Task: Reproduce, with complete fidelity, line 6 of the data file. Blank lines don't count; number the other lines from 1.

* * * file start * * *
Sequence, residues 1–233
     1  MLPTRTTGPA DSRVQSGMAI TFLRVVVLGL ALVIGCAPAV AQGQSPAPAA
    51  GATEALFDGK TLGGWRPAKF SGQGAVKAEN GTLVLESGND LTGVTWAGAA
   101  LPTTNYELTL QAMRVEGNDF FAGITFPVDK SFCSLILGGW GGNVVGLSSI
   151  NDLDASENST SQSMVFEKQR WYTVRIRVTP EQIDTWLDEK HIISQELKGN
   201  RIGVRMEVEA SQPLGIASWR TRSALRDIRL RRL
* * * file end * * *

   201  RIGVRMEVEA SQPLGIASWR TRSALRDIRL RRL